by Otto v. Bertele, Horological Journal (of the British Horological Institute), January 1999
MilitaruhrenDie Uhren der deutschen Streitkräfte 1870 bis 1990
(Military Watches and Clocks of the German Armed Forces 1870 to 1990)
published by the author, 444 pages, German with English abstracts, 1400 illustrations (most in colour),
A fascinating account and history of various watches and clocks used by German armed forces. Adverts reproduced show that in the world war soldiers were expected to buy their own watches specially made - or cased? - for them. Specifications for watches and clocks came later. Some of them are reproduced. They show that the EEC has long been anticipated in Germany. The number of different classifications is mind boggling. The Luftwaffe, for example had seven different categories of watches and chronometers, the Navy, twelve, without counting special types. Even the design of straps was standardised.
Of particular charm are the many anecdotes that are told about the history of watches and clocks, illustrated with relevant documentation. The story of a pilot who, after crashing his plane full of bombs, removed the dashboard clock, to keep as a souvenir, is an example of wide range of subjects covered in this book. More morbid is that some chronometers used on U-boats were specified to be waterproof. Flooding up to eye level was obviously expected!
The numerous illustrations, not only of the external appearance, inscriptions and dedications, but also pictures giving details of the movements used, add to the fascination. Some of the photos of watches taken by the author could have been clearer, though the poor quality of a few of the many snapshots included is unavoidable.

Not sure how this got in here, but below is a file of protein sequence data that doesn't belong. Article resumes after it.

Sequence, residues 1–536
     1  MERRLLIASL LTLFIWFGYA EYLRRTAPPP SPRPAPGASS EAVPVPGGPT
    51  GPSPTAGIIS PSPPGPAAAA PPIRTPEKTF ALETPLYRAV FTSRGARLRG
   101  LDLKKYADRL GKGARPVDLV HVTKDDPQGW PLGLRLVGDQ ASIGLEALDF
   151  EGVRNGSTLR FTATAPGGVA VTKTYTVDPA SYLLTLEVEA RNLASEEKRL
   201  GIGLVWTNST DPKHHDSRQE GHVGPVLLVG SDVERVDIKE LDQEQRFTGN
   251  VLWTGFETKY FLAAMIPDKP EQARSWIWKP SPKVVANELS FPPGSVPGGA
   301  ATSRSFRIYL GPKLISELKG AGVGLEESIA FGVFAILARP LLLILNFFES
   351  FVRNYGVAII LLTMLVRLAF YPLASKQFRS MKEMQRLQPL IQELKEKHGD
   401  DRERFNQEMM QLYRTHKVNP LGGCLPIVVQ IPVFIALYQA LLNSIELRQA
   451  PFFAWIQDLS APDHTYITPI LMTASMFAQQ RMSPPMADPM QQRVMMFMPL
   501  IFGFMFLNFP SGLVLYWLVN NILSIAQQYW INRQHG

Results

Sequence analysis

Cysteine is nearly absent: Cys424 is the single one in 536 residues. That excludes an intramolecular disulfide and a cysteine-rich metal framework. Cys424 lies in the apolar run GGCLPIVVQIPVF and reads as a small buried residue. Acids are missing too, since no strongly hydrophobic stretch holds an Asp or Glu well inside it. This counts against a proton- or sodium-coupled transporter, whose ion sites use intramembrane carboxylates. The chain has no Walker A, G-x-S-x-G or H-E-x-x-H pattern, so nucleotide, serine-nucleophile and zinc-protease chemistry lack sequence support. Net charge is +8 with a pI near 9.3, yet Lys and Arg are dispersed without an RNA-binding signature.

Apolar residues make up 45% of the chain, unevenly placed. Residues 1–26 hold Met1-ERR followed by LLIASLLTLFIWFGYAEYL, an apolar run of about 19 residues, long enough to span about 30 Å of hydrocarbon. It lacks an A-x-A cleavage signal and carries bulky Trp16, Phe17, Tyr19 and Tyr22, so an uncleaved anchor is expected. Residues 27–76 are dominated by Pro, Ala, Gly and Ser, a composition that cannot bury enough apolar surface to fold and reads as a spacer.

The book is a must for anybody who is interested in, or collects, German military watches, clocks and chronometers. However to enjoy it to the full a good understanding of the German is necessary. Of special interest to collectors in the English speaking world is that many of the wrist and deck watches supplied from Switzerland are identical to those used by the allies, but for the dial and wording inscribed on the back. The book is a treasure and hopefully Dr. Knirim will one day write a similar book about the clocks used by the Western powers.
by Kevin Czrncich, Lake Geneva, USA WI 53147 Dec. 1998
Published by the 'NAWCC Bulletin'
Militäruhren 'Die Uhren der deutschen Streitkräfte 1870 bis 1990'
('Military Timepieces: The Timepieces of the German Forces from 1870 to 1990')
Konrad Knirim author of three Bulletin articles on the subject of German military timepieces must be congratulated on his new book, 'Militäruhren', which will be considered the authorative guide on this subject. North American collectors have long overlooked these timepieces due to the paucity of information on this subject; however, since Mr. Knirim's articles were published, the interest and value ot these timepieces has steadily increased.
Militäruhren is a large, beautifully bound book, 444 pages, with over 1400 pictures and figures. It details extensively the history and background of the many different timepieces that were used by the German military from the years 1870 to 1990 and discusses everything from ship's Chronometer to torpedo timers: from pilots chronographs to the common soldier's wristwatches. Although the text is in German, when it is used in conjunction with Bulletin articles it becomes readily understandable. I found that my lack of fluency in German detracted not at all from the many enjoyable hours I spent with this book. lt has enabled me to buy and sell a number of watches, by referencing the pictures on various pages to people around the world.
This is a book for any serious student of horology or history. Well done, Konrad!